The Aging Population: Isolation and the Risks of Fraud and Abuse
By the Senior Medicare Patrol (SMP) National Resource Center
July 13, 2022
The pandemic escalated fraud concerns, abuse challenges, and social isolation for everyone., However, it especially brought to light the isolation concerns that many older adults have always faced. A person who is isolated may be home, by the phone, waiting for someone to call, or may be online, trying to connect with anyone willing to talk. Scammers can use an individual’s social isolation as an opportunity to steal financial, medical, and personal information. Numerous recent reports include details of fraudsters calling others using spoofed phone numbers, knocking on doors unsolicited, and even prowling on social media in an attempt to con those with whom they interact.
Risk Factors of Isolation
Unfortunately, isolation is not a new concern for the aging population and continues to be a serious issue. A National Health and Aging Trends Study
revealed that approximately 7.7 million older adults over the age of 65 in the United States were socially isolated prior to the pandemic. Overall, older adults are at an increased risk of social isolation and loneliness due, in part, to having fewer services or resources nearby than their younger counterparts, loss of immediate family or friends, or a chronic illness. Other risk factors include:
Prevention Efforts and Minimizing Risk
- Need for Connection. As naturally social beings, humans need to feel connected to one another. The pandemic halted in-person social connections, causing social isolation and loneliness to increase overall. Feeling alone or isolated can lead people to try to connect with anyone, including developing personal relationships with those who may exhibit exploitative or abusive behaviors.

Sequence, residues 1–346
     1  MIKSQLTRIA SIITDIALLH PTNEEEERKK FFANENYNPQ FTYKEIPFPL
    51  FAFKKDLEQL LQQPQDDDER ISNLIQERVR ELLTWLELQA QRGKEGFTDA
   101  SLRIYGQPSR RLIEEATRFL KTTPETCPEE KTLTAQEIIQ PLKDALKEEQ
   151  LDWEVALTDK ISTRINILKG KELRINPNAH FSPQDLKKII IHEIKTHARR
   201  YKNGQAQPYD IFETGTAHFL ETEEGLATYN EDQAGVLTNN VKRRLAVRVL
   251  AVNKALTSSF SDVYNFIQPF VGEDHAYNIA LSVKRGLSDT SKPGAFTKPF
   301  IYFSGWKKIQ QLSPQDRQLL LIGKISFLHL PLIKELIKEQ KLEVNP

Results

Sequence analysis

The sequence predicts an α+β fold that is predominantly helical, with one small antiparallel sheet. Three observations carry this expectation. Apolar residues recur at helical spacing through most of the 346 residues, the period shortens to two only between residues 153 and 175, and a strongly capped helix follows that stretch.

- Loss of Caregiver Support. Many older adults rely on caregivers to help them in within the home. If that support, whether paid or through family caregiving, becomes unavailable, increased isolation concerns, abuse, or neglect could occur. The American Bar Association reported that there was an increased risk of caregiver neglect due to concerns related to risk of spreading coronavirus infection or other COVID-19 related inability to provide care.
- Technology Access. Cyber connections continue to become a new norm for accessing services and resources. The lack of and/or barriers to technology intensify social rifts and inequities overall, with correlations between digital disengagement and race, disability, health, education, rural residencies, and economic status. According to the Older Adults Technology Services (OATS) Aging Connected report, 21.8 million older adults do not have broadband access to the internet. In an effort to combat this, the Federal Communications Commission (FCC) announced a broadband initiative to assist with access.
- Health Factors. The Centers for Disease Control and Prevention (CDC) stated that recent social isolation studies show that people ages 50 and older have a significantly increased risk of premature death, with rates comparable to those of people who smoke, are obese, or lack the ability to get adequate physical activity. The rates of anxiety and depression reported by Medicare recipients are around 24%, which is much higher than pre-pandemic statistics, according to an August 2020 study from the Kaiser Family Foundation.
- Population Vulnerability. Populations such as older adults, immigrants, LGBTQ, African Americans, individuals who live in rural communities, and victims of maltreatment need extra care, support, and protection because of increased risks overall of abuse, neglect, and fraud. Social isolation is no exception from those risks.
Preventing and minimizing risk starts with education and support. Family, friends, and neighbors can be the support system for the socially isolated or can find others who can help.
Many national organizations have created resources to help combat social isolation and support older adults and caregivers. The Senior Medicare Patrols (SMPs) empower and assist Medicare beneficiaries, their families, and caregivers to prevent and detect health care fraud, errors, and abuse. Here are some helpful pages from the SMP National Resource Center’s website
Those who think they may have been a victim of abuse, neglect, or financial exploitation can contact their state’s protective services agency
, call the Eldercare Locator at 1-800-677-1116, or, if in immediate danger, call 911. Those who think they may have been a victim of a consumer scam (such as Social Security, credit card, dating, identity theft, or lottery) can contact the Federal Trade Commission at ReportFraud.ftc.gov
To report potential Medicare/Medicaid fraud, errors, or abuse, contact the local SMP by clicking “Find Help in Your State
” on the SMP Resource Center website or by calling 1-877-808-2468.